Work-from-home, online learning boost Lenovo sales


Lenovo Philippines on Thursday reported a surge in sales for its products following the implementation of quarantines against the coronavirus pandemic, attributed mainly to work from home and online learning arrangements.

According to Lenovo Philippines president and general manager Michael Ngan, the company has recorded a pickup in demand in the shift to the "new normal."

"The demand actually surged in the last couple of months, even before the announcement of the flexible learning by the Department of Education," he said in a virtual briefing.

"We've actually seen the inquiries and the sales rising and I think the trend will continue," added Ngan.

Ngan did not elaborate on the figures as, he said, official data has yet to come in.

Metro Manila, along with several high-risk areas, was under the enhanced community quarantine (ECQ) from March 17 to May 15, followed by a modified enhanced community quarantine (MECQ) until May 31.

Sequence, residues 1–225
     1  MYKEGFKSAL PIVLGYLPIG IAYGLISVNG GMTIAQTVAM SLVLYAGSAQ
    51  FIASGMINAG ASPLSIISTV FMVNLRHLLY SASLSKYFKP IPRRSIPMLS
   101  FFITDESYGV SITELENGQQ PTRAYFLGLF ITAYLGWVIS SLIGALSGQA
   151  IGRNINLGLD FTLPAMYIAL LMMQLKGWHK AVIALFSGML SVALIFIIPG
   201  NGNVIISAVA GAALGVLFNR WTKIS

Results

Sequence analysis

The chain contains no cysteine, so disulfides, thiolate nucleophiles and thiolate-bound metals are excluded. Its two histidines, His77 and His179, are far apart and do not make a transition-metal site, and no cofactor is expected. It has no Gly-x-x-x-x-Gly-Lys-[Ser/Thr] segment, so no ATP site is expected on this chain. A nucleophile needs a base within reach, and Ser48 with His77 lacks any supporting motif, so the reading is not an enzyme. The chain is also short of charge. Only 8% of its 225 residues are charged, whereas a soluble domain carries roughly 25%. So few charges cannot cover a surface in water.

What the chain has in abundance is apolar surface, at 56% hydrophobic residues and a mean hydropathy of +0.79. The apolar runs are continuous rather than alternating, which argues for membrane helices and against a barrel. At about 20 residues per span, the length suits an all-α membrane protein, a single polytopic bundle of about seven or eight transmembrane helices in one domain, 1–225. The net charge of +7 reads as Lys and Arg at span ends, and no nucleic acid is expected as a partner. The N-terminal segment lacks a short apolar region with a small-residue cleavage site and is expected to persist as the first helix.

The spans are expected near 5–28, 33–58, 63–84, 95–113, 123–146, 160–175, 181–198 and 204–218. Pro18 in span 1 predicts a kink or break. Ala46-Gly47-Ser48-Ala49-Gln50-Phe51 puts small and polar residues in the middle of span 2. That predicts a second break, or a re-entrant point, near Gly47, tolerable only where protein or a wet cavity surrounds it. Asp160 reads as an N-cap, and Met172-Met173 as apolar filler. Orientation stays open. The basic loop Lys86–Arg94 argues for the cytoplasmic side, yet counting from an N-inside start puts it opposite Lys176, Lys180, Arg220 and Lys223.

A general community quarantine (GCQ) was put in place from June 1 to 15, and has since been extended until June 30



The Department of Education (DepEd) has also reiterated that there will be no face-to-face classes until a vaccine against the coronavirus disease will be available.

"It (demand) has actually picked up right after ECQ and I think the demand has surged especially also after the Department of Education announced about the flexible learning adaption will be implemented come August 24," said Ngan.

"I think that's part of the new normal. Everybody, whether you're working from home, that's a big shift. All of our activities, at least majority, are being done online," he added.

In the same briefing, Lenovo launched its EdVision program designed to prepare schools in the Philippines for online learning.

It will provide schools free access to online resources, as well as complimentary or subsidized access to educational technologies.

"Technology education is vital to securing the future careers of today’s students, and the future economy of the Philippines," said Ngan.

"Students in school today will enter into careers that have yet to be imagined – meaning that the fundamental structure of education is also changing," he added.—AOL, GMA News